Using technology to create a visual learning environment

Meet Alma Milan

The needs, struggles, and achievements of English language learners are diverse and unique; understanding them is not always easy for educators. However, some educators were English language learners themselves and therefore have a bit of insiders' knowledge. Such is the case of Alma Milan, a certified ESL teacher at Kosciuszko Middle School. Of Filipino background, she came to the U.S. at age six, knowing three languages — none of which was English. She can recollect what it was like to be in a classroom and not knowing what anyone was saying! She believes that having been an ELL student herself, she is more sensitive to her students' needs — especially their fear of making mistakes.

Technology use is an intrinsic part of Alma's classroom; in fact, her class takes place in a computer lab. By using visual supports (clip art and other graphic images), the students are able to see an object and associate it with the words they see and hear. She uses Power Point presentations in her lectures to introduce colors, geography concepts, and an array of nouns. She finds this method especially important for visual learners and those students with low literacy levels. Through visual representations, she helps her students build the vocabulary needed for the content lessons in their regular classes (she is required to teach some of this content in the ESL class). Her school uses the "block system," and students have a daily ESL period equivalent to half a block each day (about a 45-minute period).

A method that she finds beneficial to her students is pairing them according to skill. She will pair someone with weak literacy skills with someone with higher literacy skills; in oral conversation exercises, she will pair a shy student with a more outgoing one — students usually find a way to compensate for each other's skills and help each other learn. Sharing seems to be prevalent in her teaching methods. She has done exercises that help her students explore the holidays and traditions of peers from other countries, using these as a basis for conversation starters and even writing exercises.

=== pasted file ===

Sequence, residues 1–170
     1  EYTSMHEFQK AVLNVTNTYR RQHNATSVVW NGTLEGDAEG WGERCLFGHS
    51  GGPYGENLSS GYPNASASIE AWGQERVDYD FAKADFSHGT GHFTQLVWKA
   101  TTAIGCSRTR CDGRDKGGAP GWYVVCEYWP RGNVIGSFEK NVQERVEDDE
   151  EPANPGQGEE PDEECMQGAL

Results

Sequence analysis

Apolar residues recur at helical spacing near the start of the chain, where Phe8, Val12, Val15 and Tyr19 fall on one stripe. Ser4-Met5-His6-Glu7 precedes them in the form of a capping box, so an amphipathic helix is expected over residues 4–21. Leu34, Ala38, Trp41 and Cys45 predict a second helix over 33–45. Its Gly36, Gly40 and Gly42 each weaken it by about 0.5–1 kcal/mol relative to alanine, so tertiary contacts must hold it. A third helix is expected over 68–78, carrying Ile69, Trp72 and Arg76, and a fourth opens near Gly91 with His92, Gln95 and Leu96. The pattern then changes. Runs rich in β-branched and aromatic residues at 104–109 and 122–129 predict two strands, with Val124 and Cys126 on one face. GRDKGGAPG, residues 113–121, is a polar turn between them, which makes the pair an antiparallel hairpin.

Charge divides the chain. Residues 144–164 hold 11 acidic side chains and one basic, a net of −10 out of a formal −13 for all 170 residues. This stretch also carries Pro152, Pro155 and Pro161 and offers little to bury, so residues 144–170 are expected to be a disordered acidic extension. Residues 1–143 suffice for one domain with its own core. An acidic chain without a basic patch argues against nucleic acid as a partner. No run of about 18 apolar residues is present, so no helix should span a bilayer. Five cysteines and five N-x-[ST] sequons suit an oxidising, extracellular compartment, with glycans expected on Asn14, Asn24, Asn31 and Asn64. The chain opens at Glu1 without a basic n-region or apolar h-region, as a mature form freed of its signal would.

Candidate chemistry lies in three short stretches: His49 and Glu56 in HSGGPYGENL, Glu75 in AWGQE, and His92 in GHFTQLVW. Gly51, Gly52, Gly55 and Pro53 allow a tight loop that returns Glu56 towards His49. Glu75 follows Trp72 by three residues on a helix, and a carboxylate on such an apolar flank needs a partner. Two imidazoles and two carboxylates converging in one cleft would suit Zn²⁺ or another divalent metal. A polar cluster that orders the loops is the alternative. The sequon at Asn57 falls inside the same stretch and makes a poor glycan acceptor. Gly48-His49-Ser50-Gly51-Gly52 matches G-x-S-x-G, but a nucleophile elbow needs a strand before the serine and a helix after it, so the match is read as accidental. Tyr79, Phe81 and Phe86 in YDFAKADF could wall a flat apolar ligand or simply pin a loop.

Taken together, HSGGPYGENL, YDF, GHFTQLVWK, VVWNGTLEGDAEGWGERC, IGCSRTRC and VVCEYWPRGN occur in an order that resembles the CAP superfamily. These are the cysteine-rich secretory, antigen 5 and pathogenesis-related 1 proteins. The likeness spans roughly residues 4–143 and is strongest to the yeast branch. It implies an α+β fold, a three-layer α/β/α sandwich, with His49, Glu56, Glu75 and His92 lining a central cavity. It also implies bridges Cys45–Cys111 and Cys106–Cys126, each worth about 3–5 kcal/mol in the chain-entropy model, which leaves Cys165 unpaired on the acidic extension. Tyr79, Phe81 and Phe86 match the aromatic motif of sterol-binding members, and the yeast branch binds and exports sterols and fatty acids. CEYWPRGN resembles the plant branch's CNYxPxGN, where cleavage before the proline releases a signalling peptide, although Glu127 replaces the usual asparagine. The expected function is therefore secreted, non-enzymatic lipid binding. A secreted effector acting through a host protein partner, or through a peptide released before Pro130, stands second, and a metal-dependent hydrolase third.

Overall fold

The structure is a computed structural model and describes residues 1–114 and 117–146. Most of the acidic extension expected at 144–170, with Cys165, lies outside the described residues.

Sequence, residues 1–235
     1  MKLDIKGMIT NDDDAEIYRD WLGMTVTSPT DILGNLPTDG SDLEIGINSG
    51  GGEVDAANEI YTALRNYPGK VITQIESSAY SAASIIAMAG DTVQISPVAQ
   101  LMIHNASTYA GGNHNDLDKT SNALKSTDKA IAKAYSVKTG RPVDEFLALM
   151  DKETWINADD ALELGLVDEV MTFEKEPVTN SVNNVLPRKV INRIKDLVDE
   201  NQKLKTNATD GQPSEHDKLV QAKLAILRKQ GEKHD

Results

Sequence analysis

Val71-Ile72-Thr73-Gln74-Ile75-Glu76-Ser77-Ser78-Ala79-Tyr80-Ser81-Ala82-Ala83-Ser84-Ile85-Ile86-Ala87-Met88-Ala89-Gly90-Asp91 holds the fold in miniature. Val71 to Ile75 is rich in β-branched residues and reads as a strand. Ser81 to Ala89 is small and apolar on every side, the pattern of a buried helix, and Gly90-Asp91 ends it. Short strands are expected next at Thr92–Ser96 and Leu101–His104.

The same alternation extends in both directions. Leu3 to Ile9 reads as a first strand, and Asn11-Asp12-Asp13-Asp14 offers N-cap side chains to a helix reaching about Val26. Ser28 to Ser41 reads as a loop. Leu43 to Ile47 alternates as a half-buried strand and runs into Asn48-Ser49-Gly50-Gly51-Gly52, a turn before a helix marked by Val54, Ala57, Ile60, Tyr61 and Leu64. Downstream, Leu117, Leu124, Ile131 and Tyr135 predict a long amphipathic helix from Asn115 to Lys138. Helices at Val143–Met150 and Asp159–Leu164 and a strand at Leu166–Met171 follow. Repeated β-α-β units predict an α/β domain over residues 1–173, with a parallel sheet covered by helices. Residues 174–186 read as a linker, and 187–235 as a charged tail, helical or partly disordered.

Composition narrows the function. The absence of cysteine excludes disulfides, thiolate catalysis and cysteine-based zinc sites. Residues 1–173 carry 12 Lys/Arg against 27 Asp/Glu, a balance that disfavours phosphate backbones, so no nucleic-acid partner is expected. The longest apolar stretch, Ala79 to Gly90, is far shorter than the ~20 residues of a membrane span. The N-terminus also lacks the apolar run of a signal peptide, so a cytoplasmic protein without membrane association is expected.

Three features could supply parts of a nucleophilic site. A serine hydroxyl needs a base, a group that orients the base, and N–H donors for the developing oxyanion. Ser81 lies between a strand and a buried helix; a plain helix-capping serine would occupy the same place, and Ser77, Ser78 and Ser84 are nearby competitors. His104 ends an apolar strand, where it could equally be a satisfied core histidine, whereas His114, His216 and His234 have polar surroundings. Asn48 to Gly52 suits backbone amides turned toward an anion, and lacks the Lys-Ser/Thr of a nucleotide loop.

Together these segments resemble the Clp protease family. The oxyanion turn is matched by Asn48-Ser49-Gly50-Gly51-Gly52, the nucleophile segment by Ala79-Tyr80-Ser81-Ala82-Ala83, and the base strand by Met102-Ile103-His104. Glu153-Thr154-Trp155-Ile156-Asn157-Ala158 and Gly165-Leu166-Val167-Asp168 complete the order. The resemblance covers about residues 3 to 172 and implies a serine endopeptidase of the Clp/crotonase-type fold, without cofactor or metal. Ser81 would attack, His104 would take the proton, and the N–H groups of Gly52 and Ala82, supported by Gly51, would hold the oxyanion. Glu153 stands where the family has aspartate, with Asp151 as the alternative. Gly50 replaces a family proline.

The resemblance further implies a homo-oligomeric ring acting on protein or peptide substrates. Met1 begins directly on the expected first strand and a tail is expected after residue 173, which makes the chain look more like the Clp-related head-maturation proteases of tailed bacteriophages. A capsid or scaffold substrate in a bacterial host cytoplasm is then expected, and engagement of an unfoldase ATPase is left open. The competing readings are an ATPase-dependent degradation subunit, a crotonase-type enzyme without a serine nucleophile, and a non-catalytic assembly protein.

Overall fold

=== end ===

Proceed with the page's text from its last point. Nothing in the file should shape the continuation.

Because she wants her students to be self-learners, the Internet plays an important role in her classroom. Often she will create a list of sites with useful information (and very importantly, at an adequate reading level!), then ask her students to create a presentation based on research through those sites. She often has her students use webs or concept maps to organize the information from their searches.

As with many ELL/ESL/ESOL teachers, Alma struggles with the many different levels of proficiency among her students (some have high oral skills, but low reading and writing). All of Alma's students are Hispanic. Many of them were born in the U.S., then traveled back to their parents' home countries. Now, returning to the U.S. as young teenagers, they cannot recollect much from their early years.

It seems that Alma's rapport with her students transcends their time in her classroom, as many have stayed in contact after moving on to high school. As one of her colleagues told us "Alma is not difficult to adore; she is firm and strict. Her ideas are fresh and inspirational. Her students adore her. She truly has their best interest in mind, giving them every opportunity to be technologically literate, as well as assisting them in developing their language skills. Her expectations are high, and the students respond to this very well."

Thank you to Heidi Stutzki for nominating Alma and contributing to this story.

Do you know an outstanding ELL teacher? Paraprofessional? Student?

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Share My Lesson. For teachers, by teachers.

National Education Association. How Educators Can Advocate for English Language Learners.

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